Moneyball Sourcing: Don’t Overlook The Role That Tools Play In The Science Of Winning

In the decade since Michael Lewis published Moneyball, The Art of Winning an Unfair Game, “Moneyball” lessons and applications have become far reaching—even into sourcing and recruiting.  In previous articles, I have looked at Sourcing Through the Lens of Moneyball; illustrated how the principles of Moneyball are applicable to talent sourcing,  social recruiting as well as talent acquisition analytics.  Today I would like to explore real hero in Moneyball–analytical tools and a sourcing platform that enhance Moneyball Sourcing.

In the context of Moneyball, the Moneyball Sourcing model follows a similar three step path:

  1. Challenge conventional wisdom
  2. Understand the science of winning
  3. Adapt or die

Gaining an understanding of the “science of winning” was the big “a-ha” for Moneyball and the Moneyball strategy.  While the geeks and the data miners were gaining a loader voice in baseball, there was a definite line of resistance to move from the art of evaluating baseball talent to looking at wining through a more scientific lens.

Moneyball is a book about how to create a winning team by putting the players on the field that are capable of accomplishing the activities that predict success or winning baseball games.  The Moneyball strategy emphasizes a sophisticated understanding of data and statistics to help small budget baseball teams compete with their higher-spending rivals.  The tool the Oakland A’s employed was subscribing to the services of Ken Mauriello and Jack Armbruster and their advanced value matrix, (or A.V.M.), which eventually transformed conventional baseball accounting.  This tool was essential to parsing through the big data and producing a useful product; because without the proper tool, the result was lot of useless data.  The A.V.M. tool was the real hero of the story.  I believe that same situation exists in sourcing talent—using the right tool to analyze and parse the data can become the game changer.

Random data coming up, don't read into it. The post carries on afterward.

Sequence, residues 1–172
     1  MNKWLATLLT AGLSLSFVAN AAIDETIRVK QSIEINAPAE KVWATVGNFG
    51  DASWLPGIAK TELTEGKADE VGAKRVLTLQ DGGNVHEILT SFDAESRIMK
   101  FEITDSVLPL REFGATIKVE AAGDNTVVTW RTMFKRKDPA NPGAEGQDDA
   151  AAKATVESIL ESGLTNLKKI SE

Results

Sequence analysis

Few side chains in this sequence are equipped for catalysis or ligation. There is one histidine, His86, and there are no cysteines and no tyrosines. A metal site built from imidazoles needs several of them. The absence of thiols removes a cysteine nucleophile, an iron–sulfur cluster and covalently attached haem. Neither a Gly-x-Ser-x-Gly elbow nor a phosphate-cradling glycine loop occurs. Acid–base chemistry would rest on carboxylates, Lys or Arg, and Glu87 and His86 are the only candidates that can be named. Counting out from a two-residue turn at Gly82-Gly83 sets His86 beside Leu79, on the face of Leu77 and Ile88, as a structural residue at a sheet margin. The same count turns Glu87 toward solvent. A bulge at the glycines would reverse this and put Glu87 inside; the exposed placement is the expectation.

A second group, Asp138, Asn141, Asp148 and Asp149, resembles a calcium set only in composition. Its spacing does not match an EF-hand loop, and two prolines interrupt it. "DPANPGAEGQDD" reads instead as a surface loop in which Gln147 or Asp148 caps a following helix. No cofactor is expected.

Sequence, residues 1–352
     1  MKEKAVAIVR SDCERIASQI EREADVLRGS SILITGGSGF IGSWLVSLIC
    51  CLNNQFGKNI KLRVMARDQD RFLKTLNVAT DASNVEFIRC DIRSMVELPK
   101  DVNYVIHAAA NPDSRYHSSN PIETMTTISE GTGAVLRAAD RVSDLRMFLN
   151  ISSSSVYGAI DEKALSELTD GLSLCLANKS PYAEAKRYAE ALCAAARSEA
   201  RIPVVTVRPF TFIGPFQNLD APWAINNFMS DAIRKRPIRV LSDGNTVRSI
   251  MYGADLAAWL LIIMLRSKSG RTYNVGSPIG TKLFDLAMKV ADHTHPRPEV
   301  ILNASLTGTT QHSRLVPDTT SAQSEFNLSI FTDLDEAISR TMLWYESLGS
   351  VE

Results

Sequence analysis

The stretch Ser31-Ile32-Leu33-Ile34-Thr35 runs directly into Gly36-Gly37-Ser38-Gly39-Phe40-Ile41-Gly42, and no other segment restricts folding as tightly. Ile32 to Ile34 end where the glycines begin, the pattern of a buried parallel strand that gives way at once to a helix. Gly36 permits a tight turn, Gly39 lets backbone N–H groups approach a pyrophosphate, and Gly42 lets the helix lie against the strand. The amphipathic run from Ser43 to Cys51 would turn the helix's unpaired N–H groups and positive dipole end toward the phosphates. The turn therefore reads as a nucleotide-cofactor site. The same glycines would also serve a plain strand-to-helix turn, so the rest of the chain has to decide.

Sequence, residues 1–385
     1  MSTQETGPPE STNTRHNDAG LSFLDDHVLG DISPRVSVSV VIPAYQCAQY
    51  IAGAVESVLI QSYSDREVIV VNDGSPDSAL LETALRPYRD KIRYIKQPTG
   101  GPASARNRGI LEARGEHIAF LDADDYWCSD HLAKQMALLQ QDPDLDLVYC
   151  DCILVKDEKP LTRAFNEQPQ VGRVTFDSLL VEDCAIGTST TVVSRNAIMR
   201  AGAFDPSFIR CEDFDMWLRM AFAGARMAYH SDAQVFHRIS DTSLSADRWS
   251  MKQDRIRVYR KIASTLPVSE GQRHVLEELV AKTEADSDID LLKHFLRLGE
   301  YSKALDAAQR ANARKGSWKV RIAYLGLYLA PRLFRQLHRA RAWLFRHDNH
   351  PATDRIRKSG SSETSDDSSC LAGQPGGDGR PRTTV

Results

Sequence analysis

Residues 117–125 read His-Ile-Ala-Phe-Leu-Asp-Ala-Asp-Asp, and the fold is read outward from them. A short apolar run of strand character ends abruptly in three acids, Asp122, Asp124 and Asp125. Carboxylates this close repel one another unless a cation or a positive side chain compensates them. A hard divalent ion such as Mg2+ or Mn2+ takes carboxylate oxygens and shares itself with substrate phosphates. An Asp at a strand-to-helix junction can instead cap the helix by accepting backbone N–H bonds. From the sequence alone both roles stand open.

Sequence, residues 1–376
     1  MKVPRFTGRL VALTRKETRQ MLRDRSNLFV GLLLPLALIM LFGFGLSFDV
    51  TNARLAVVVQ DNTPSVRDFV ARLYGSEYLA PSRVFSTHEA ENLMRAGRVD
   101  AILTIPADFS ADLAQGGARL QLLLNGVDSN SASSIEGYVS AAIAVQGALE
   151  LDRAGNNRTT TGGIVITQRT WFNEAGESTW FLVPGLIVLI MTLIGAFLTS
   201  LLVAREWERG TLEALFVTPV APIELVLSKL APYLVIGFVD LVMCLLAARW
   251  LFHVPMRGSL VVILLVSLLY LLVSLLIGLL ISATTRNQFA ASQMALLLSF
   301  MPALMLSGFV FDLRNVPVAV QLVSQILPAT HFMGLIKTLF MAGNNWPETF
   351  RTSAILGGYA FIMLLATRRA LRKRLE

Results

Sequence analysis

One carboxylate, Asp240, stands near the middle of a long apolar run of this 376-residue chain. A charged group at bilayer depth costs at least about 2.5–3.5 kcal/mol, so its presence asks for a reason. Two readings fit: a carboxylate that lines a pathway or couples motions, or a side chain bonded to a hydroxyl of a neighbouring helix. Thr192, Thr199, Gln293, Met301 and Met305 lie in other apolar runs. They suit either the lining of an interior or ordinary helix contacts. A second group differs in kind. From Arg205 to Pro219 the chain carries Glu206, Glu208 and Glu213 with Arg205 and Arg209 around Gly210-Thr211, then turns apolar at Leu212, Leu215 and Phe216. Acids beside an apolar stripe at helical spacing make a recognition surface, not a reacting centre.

The Moneyball Sourcing strategy that features the game changing tools

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  • Imagine a database that allows you to search all the software developers in the world.
  • Imagine that you view a complete profile on a prospective candidate that was compiled or aggregated from a number of sources.
  • Imagine using mobile as a recruiting platform
  • Imagine being able to determine the level of technical expertise of each software developer—that’s right, you are able to determine the difference between “A” & “B” players.
  • Imagine using the “social signals” to be alerted when talent is showing signs of looking for a different job.

Sheeroy Desai and his team at Gild are offering a platform for technical sourcing that is very intriguing. Gild Source, when completed, is expected to have over 5 million profiles of software developers and engineers that will reflect hobbies, interests, work history, social graphs and a scoring of their technical abilities—everything a technical sourcer or recruiter needs.